The latter part of the 2000s witnessed a big leap forward in UI design, again led by Apple. Touch interfaces took off dramatically with the introduction of the iPhone in 2007 and the iPad in 2010. For both these devices, multipoint capacity touch enabled users to interact with digital content in new ways. While Apple didn’t invent this UI (it came from Fingerworks, which it acquired in 2005 to provide this), the company certainly democratized it, with other smartphone and tablet manufacturers all adopting forms of touch over the following years.
Apple introduced the world to touch interfaces with the iPhone and iPad.
While touch has become a ubiqitous part of the way we interact with digital content today (not just smartphones and tablets, but kiosks, ATMs, appliances, etc.), a revitalization is developing in voice as a user interface form.
Voice assistants started to gain steam in 2011 with Apple’s Siri voice assistant. Since then we’ve also had the introduction of Google Now (2012) and Amazon’s Alexa devices (2014). These services and devices depend on data and content assets acquired by these platforms to fullfill user requests.
Thus, when you ask Siri for directions, it can quickly leverage Apple Maps to provide a routing. Or when you ask an Amazon Echo (powered by Alexa) to play a song or read an Audible book, Alexa draws on those Amazon assets to play back your content.
Apple’s Siri and Amazon’s Alexa-powered devices support the latest generation of voice interface.
Immersive experiences enabled by a new generation of virtual and augmented reality devices add another dimension to user interfaces. Consumers and enterprises are just dipping their toes in the water around new forms of interactivity in gaming, architecture, real estate, engineering, and social networking, just to name a few examples.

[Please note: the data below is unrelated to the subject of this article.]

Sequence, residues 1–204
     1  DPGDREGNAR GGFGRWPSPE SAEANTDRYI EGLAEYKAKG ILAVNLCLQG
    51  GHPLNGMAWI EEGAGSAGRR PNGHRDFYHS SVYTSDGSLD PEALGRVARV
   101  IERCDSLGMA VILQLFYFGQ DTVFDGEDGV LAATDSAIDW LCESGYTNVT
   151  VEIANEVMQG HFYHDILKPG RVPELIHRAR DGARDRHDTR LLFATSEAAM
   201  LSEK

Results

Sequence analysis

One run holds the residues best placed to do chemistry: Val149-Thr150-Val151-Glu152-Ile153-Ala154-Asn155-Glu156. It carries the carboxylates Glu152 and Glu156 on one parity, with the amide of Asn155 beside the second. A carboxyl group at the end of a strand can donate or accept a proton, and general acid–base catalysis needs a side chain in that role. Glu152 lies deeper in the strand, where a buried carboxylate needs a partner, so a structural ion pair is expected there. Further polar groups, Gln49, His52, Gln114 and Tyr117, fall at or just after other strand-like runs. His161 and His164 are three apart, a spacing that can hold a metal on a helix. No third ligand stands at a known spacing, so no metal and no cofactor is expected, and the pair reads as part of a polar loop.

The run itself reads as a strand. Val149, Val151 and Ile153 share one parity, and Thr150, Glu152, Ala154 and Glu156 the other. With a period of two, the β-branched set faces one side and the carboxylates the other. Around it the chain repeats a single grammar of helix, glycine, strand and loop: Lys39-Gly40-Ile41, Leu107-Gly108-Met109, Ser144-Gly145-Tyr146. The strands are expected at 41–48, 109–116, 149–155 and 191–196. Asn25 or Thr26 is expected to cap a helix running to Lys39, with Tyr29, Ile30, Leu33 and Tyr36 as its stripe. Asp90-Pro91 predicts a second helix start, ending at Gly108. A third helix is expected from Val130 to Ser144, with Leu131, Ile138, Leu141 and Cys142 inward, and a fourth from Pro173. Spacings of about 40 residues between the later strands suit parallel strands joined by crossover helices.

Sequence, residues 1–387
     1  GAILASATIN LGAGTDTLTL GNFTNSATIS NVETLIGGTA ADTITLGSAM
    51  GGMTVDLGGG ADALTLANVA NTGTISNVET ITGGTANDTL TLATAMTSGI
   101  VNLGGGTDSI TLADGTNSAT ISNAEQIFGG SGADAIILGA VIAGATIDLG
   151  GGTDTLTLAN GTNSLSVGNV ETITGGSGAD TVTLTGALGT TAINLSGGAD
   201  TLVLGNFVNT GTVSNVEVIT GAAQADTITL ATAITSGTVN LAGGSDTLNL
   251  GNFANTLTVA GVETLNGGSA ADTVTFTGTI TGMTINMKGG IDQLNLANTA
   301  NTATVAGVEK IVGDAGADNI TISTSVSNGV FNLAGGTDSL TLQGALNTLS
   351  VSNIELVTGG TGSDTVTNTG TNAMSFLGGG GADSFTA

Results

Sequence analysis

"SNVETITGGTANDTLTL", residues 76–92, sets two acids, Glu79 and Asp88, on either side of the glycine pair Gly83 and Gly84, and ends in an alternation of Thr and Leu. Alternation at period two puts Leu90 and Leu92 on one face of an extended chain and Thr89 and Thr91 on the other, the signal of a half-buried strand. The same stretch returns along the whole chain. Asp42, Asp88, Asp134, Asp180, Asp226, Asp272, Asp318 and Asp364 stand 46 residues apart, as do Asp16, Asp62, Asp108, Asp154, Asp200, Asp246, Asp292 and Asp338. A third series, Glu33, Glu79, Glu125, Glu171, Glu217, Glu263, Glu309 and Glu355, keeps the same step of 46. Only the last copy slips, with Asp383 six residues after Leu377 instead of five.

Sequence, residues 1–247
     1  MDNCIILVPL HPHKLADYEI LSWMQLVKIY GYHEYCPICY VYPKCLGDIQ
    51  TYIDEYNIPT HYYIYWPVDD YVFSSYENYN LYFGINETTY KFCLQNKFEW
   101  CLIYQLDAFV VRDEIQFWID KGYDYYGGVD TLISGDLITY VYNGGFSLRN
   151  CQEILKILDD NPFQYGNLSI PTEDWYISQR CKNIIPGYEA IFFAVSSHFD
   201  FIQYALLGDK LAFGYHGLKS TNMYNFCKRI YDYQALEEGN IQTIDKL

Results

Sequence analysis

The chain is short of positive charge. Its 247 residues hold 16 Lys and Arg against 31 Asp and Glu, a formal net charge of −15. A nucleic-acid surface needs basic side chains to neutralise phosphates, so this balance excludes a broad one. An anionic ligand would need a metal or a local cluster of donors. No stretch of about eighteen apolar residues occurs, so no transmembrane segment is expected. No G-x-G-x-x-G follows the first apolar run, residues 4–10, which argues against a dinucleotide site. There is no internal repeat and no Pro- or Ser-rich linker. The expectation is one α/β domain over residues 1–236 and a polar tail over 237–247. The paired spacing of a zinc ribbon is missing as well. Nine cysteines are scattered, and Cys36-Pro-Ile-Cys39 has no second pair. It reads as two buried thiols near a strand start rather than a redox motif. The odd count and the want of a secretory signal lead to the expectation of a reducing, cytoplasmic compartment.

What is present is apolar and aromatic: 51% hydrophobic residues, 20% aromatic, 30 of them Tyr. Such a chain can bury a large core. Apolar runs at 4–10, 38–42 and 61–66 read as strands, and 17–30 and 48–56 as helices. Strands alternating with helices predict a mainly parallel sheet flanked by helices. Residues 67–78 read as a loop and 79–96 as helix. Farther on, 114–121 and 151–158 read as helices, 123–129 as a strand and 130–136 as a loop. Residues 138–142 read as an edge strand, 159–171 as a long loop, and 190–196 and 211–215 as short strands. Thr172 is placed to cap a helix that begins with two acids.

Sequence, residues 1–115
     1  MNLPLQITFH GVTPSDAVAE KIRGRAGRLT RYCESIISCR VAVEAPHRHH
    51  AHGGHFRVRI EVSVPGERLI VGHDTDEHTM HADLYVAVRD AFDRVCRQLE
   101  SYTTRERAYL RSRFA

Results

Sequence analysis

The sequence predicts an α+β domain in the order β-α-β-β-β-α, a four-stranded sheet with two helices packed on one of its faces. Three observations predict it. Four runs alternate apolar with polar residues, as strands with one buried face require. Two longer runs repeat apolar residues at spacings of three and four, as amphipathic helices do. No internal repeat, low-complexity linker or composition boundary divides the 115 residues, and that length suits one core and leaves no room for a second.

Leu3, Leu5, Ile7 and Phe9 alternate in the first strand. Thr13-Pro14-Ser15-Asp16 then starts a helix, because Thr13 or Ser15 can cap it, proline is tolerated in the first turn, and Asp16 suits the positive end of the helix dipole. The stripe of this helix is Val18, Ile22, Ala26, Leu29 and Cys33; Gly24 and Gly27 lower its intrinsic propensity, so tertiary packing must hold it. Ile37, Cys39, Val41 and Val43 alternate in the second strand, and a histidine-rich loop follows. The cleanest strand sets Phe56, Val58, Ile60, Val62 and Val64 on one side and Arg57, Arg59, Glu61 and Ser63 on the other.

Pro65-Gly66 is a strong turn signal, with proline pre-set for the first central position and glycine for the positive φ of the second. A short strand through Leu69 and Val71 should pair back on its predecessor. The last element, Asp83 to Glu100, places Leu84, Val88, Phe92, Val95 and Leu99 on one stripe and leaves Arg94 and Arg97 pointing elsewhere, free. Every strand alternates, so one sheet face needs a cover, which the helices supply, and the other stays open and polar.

Today this means wearing a rather large head-mounted device and using a mouse or gaming controller to interact with virtual objects. But as haptic devices—which allow for the perception and manipulation of objects using touch—reach new levels of performance and miniaturization, one can imagine being able to touch, walk, run, and interact with virtual worlds in the same natural way we interact with the real world.
The state-of-the-art for immersive UI generally looks like this today (above) ...
... but haptic suits like, this one from Hardlight VR, enable users to interact more naturally and receive feedback from a virtual environment directly on their bodies.
Bringing Humanity Back To Computing
If you step back from the history we’ve just walked through, you will see that UI design is heading in a clear direction: toward organic forms of interactivity that are native to our biology.
Looking back, we can see that keyboards, mice, and trackpads were really just hacks meant to close the gap between spoken language and touch with computing surfaces. And they worked well for the better part of 30-plus years.
Now we are on the edge of a return to more natural interfaces that involve our fingers, voices, and bodies in space. This is all made possible by advances in network infrastructure, cloud-based computing storage and computational power, and aggregation of the data needed to teach machines to understand and interpret our human interactions.
These advances open up all sorts of interesting possibilities:
- Attending a family member’s college graduation virtually, with the ability to interact with the people around you in real time.
- Visiting a pastime or place with the ability to interact with the environment—for example, visiting the Court of Henry VIII and actually speaking to the king and his courtiers.
- Hosting a meeting in a virtual environment with attendees from different countries. Each participant speaks in the person’s first language, while the others hear real-time translation into their first language.
We’ve identified just a few of the exciting possiblities that might be unlocked by continuing advances in UI technology. As we bring more humanity back to computing, we will also be able to engage more of the population who no longer need to master typing or the complexities of a desktop interface to interact with digital content.